In recent years, apps have been started to be integrated into the wider cinema experience. Apps like CineMe[7] actively connect your phone to what is happening on the screen during specific pre-roll adverts. These can range from quick quizzes in which the viewers phone can be used to answer the given question to using your phone as a controller for small mini-games that appear on the screen. This app introduces something strange and alien into the cinema, which is the accepted use of mobile devices, something that has been shunned since the technology’s introduction. The app also allows users to scan movie posters they see to quickly view the trailer for the corresponding film. This opens up a lot more opportunity for marketing as it allows companies to, in effect, add trailers to anywhere you can find a poster. This move towards a more technologically integrated cinema experience is something that many people object to. This was made apparent in the recent backlash faced by AMC cinema’s after they announced that they would allow people to text in some of their screenings. The aforementioned backlash led to the withdrawal of the announcement and an apology being issued on their official twitter page.


It is becoming more apparent that apps and gaming should be taken seriously as they have a more and more significant effect on how we experience cinema and films as a whole. Although the influence of video games has depreciated since its proliferation in the late 90’s and early 2000s, the era of the app is still very much under way. Mobile games and apps that offer more interaction in the cinema seem to be appearing more and more often despite the backlash that has arisen in recent events. I feel that apps will continue to grow in popularity but will do so outside of the cinema and will be created in the form of mobile games. The release of The Angry Birds Movie and Ratchet and Clank, in my opinion, will open the door to more gaming based adaptations.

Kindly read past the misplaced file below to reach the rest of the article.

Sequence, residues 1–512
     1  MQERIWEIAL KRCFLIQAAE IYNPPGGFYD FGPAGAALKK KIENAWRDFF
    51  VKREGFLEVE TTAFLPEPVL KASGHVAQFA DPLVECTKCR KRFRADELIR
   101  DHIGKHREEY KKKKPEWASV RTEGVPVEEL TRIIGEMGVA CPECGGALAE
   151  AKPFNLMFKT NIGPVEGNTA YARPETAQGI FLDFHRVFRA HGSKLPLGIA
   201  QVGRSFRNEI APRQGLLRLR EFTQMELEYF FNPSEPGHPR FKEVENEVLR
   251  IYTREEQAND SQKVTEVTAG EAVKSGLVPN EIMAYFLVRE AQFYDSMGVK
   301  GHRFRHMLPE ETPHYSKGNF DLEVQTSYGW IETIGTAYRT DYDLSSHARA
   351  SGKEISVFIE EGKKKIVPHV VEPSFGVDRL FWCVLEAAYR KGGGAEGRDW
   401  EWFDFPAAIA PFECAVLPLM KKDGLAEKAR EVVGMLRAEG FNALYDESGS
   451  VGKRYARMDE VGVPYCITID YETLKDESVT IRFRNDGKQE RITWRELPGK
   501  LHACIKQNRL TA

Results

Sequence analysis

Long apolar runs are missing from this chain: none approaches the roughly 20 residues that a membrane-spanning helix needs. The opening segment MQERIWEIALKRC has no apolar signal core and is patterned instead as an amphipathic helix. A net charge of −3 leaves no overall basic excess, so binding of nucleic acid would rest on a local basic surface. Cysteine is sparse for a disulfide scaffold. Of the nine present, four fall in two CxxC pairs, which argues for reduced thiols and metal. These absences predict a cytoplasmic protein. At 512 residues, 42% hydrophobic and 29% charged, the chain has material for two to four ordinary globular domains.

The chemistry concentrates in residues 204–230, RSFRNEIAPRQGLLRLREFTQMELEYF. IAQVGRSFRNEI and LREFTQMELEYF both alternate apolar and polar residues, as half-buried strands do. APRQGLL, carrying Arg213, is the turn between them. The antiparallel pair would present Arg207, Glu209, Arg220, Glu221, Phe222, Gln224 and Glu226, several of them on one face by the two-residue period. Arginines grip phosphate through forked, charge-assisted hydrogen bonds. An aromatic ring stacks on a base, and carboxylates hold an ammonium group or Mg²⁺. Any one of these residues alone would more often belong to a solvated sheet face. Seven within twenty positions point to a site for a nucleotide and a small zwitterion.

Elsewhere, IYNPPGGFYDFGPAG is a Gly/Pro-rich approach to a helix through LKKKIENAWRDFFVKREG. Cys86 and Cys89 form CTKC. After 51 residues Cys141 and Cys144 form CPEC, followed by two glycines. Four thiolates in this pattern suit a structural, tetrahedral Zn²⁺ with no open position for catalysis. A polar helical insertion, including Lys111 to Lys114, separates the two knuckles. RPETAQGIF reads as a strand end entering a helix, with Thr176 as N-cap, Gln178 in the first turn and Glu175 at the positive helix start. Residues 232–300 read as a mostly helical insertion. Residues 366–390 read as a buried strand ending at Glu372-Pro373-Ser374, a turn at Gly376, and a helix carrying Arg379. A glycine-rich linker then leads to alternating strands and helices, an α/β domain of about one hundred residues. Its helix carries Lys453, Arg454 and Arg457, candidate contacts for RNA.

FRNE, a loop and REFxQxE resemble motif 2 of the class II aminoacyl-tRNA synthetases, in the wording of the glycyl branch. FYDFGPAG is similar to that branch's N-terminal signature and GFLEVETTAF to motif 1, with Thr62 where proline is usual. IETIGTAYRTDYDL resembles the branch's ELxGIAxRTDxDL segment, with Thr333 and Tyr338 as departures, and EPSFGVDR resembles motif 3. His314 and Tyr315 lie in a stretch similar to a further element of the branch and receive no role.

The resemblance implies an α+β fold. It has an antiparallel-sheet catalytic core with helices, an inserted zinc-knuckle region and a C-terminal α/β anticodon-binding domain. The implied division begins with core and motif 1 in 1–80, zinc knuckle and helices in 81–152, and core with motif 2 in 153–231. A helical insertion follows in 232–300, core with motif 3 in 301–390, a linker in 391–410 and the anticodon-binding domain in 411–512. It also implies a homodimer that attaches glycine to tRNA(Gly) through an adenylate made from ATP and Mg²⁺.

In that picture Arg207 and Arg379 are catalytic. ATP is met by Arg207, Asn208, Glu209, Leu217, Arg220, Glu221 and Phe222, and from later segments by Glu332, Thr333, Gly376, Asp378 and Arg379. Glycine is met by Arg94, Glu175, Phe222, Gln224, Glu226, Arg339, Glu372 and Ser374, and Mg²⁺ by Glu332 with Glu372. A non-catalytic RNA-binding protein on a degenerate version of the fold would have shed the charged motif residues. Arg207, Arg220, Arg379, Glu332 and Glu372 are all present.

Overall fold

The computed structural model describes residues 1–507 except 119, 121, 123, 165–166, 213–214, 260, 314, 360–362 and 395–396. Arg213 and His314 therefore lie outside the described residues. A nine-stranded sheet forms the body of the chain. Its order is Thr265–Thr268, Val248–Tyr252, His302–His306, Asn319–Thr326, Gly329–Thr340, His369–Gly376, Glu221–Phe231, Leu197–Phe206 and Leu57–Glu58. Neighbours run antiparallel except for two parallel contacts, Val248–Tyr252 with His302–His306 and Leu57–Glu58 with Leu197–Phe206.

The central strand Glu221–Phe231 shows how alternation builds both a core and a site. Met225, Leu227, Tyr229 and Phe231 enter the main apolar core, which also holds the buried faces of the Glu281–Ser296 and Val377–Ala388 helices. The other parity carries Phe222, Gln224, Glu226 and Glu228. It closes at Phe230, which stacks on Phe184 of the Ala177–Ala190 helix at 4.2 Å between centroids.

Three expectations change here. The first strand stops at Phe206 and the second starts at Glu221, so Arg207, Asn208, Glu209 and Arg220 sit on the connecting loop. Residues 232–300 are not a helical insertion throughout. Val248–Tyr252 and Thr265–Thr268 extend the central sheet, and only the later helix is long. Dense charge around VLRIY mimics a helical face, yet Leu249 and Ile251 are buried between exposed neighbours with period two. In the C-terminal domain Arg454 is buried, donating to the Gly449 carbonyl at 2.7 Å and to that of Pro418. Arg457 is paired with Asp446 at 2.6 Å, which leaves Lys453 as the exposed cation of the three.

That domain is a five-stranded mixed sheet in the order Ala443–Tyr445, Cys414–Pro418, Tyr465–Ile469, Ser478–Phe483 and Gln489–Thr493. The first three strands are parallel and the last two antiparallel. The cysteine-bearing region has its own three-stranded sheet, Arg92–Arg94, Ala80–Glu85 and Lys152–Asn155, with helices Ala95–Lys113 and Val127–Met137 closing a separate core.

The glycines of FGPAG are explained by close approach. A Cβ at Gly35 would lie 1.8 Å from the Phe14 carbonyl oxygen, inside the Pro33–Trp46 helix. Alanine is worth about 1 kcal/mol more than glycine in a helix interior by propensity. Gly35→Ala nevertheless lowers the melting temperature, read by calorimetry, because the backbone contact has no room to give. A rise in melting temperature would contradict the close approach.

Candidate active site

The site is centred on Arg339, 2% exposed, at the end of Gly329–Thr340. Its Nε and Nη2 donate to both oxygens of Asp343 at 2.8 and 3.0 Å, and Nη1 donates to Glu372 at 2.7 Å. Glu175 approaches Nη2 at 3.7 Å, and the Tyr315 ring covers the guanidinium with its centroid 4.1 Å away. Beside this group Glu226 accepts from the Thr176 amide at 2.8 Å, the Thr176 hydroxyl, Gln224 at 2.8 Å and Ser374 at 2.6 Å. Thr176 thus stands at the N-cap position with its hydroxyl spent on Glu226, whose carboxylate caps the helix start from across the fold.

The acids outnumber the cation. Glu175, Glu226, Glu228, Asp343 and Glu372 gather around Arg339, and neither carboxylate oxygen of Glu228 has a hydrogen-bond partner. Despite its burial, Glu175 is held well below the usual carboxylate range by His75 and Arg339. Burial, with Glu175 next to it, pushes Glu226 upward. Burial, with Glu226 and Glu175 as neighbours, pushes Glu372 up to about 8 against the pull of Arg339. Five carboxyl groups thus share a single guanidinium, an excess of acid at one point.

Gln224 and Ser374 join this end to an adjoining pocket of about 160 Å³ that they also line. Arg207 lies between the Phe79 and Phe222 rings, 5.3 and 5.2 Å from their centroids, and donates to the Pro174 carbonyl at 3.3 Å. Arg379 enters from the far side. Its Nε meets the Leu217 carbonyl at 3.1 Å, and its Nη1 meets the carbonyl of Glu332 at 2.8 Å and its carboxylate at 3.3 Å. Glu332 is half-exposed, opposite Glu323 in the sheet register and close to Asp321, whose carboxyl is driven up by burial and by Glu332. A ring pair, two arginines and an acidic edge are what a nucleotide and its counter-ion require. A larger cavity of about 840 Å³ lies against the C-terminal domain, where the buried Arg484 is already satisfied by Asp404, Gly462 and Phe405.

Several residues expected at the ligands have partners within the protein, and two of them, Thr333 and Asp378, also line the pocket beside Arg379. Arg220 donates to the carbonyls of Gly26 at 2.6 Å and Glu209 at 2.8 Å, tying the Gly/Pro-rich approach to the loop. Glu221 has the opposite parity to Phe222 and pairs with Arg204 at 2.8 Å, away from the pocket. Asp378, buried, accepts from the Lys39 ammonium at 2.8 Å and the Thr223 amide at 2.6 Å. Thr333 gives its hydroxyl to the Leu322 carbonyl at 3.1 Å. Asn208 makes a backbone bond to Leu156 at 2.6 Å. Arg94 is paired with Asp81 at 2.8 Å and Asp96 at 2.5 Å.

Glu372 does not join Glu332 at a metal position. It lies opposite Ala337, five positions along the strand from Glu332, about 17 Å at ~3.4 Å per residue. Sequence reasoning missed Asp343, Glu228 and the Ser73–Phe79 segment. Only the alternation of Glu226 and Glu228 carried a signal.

[1] Polygon/Alexia Ray Corriea. 2014. E.T. wasn’t the worst, or the first video game based on a movie. [ONLINE] Available at: [Accessed 28 April 2016].

[2] Box Office Mojo. 2016. Box Office Mojo. [ONLINE] Available at [Accessed 28 April 2016].

[3] The Guardian/James Russell. 2010. Will Tron: Legacy make Disney a long-game winner?. [ONLINE] Available at [Accessed 29 April 2016]

[4] The Guardian/Alex Godfrey. 2015. ‘A golden shining moment’: the true story behind Atari’s ET, the worst video game ever. [ONLINE] Available at [Accessed 28 April 2016]

[5] Box Office Mojo. 2016. Box Office Mojo. [ONLINE] Available at [Accessed 29 April 2016]

[6] Gunelius. S, 2008. Harry Potter: The Story of a Global Business Phenomenon. 1st Ed. London: Palgrave Macmillan UK.

[7] CINEME. 2015 CINEME. [ONLINE] Available at [Accessed at 29 April 2016]